oryzae (L.) and Red flour beetle, Tribolium castaneum (Hbst). All these insects may be found

extensively in most developing countries to different extremes. Other insect species are

recognised storage pests that also infest stored wheat like Angoumois grain moth, Sitotroga

cerealella (Oliv.); Rice moth, Corcyra cephalonica Straint; Saw toothed grain beetle

Oryzaephilus surinamensis (L.); Long headed flour beetle Latheticus oryzae Wat.; Flat grain

beetle Cryptolestes pusillus (Schoen).

Biotic factors including temperature, humidity and type of storage all affect environmental

conditions in storage. High temperature causes deterioration, while low temperature is good

for storage. High temperature accelerates the respiration of grain, which produces carbon

dioxide, heat and water, conditions favourable for spoilage. Humidity equally impacts grain

storage. Increasing humidity increases spoilage, while decreasing humidity is good for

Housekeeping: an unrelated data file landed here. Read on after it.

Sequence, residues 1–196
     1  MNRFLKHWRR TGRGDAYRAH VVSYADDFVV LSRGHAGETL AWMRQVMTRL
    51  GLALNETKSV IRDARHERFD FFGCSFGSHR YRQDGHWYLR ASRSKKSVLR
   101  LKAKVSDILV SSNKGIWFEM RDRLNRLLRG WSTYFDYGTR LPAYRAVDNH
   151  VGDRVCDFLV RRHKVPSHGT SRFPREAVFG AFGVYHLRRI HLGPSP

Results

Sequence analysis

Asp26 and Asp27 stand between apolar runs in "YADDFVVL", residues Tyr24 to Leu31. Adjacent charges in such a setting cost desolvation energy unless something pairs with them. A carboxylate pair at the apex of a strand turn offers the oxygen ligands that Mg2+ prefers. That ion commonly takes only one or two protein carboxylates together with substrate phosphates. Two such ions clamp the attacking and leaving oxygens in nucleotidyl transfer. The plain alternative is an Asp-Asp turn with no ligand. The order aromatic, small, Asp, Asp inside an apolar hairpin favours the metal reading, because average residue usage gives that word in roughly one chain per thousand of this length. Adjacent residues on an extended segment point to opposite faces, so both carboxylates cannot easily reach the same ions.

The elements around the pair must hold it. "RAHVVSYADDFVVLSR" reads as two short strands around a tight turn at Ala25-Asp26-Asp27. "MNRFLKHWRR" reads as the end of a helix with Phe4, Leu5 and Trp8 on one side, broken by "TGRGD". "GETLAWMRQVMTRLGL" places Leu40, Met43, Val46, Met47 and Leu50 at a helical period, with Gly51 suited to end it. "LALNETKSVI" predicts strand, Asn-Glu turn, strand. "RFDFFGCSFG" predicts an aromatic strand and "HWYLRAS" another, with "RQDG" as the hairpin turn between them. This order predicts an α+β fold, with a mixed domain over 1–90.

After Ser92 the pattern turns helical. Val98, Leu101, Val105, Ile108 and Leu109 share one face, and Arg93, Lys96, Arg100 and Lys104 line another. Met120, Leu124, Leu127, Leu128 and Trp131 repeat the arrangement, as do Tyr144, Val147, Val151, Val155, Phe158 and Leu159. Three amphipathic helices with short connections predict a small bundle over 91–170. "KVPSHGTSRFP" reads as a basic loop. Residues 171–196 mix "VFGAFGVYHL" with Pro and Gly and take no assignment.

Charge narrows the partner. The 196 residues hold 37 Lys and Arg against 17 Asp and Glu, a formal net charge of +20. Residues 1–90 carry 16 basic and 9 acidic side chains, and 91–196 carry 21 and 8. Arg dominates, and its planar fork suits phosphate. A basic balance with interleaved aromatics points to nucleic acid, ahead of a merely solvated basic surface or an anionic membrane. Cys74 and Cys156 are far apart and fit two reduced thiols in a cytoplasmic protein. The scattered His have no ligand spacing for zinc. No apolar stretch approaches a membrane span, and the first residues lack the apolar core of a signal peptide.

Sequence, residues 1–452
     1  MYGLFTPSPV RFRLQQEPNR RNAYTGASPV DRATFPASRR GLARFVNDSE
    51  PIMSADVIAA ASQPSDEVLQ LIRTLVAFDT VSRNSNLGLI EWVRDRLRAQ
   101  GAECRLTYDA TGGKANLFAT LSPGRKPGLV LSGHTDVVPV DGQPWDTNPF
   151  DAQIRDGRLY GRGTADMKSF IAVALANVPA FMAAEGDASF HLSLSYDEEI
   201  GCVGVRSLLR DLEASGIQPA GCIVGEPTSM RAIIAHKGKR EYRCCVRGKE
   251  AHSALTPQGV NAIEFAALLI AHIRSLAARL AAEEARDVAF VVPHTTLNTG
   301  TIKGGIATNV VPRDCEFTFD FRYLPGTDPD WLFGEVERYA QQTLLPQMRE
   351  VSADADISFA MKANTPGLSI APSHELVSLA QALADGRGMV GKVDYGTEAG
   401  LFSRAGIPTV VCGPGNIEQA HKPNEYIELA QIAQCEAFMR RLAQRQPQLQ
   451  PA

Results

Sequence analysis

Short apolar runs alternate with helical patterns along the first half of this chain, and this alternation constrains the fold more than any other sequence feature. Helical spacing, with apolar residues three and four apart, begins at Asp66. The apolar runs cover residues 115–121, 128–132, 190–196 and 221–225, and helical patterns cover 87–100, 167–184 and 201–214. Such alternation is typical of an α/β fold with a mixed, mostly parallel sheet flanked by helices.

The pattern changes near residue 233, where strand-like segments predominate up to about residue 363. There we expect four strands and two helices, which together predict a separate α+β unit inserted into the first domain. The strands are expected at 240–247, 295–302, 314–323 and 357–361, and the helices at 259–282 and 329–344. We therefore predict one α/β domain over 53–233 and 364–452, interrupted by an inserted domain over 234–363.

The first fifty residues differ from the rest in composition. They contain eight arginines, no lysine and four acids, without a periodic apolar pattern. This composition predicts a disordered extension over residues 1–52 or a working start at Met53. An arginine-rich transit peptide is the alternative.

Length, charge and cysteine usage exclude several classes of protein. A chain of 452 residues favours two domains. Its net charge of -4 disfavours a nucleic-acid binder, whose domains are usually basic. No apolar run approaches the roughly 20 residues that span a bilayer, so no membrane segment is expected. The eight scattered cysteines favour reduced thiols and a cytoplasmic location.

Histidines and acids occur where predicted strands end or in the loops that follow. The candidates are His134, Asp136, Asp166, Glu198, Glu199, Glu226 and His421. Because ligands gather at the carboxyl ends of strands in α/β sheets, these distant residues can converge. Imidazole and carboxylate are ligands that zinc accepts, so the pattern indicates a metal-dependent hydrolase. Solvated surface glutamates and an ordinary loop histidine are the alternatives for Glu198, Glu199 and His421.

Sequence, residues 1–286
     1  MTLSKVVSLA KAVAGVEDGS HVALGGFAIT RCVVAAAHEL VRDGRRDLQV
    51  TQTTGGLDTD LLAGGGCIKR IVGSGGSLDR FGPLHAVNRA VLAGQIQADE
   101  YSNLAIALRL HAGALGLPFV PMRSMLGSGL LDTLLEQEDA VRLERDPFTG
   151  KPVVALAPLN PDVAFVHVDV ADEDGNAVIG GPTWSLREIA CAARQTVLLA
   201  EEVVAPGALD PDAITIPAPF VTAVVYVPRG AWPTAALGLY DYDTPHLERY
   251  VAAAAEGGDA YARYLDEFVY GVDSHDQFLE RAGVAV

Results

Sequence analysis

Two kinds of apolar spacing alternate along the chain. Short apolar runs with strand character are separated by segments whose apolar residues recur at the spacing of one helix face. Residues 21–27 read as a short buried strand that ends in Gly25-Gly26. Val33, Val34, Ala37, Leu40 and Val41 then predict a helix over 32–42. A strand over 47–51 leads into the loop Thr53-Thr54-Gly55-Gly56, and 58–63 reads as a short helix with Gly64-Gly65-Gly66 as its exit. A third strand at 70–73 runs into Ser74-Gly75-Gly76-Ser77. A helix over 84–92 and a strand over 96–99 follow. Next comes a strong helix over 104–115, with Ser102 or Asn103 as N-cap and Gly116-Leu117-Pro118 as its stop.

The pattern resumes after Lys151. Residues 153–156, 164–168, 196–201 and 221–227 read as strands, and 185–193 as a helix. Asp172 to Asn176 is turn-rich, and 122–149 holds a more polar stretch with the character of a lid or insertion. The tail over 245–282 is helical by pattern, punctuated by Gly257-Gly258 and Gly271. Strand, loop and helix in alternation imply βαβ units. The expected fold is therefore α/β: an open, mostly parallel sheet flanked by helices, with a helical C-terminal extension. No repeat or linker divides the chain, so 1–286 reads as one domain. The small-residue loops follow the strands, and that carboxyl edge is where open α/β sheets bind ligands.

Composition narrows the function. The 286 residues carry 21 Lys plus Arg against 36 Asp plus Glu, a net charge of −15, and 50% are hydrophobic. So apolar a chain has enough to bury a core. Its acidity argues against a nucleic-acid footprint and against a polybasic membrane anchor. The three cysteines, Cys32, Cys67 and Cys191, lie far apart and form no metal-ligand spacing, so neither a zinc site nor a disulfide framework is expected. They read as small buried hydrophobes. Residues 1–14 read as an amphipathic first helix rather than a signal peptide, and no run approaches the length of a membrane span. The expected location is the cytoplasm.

storage.

The type of storage plays a fundamental role in storage efficiency. If a concrete or mud

storage structure can absorb water or allow the water vapours to pass through, in the case of a

jute bag, the bio-chemical changes and mould attack are minimal, but the risk of insect

infestation increases. Sun drying or turning of food grain has many advantages as it provides

an opportunity for inspection and precautionary measures to avoid spoilage. Aeration greatly

minimises mould growth, insect activity, and respiration of the seed. Further aeration provides

a cooling action and equalises the temperature throughout the mass of the grain stored. Bad

odours developed by stored grains can be easily and effectively removed.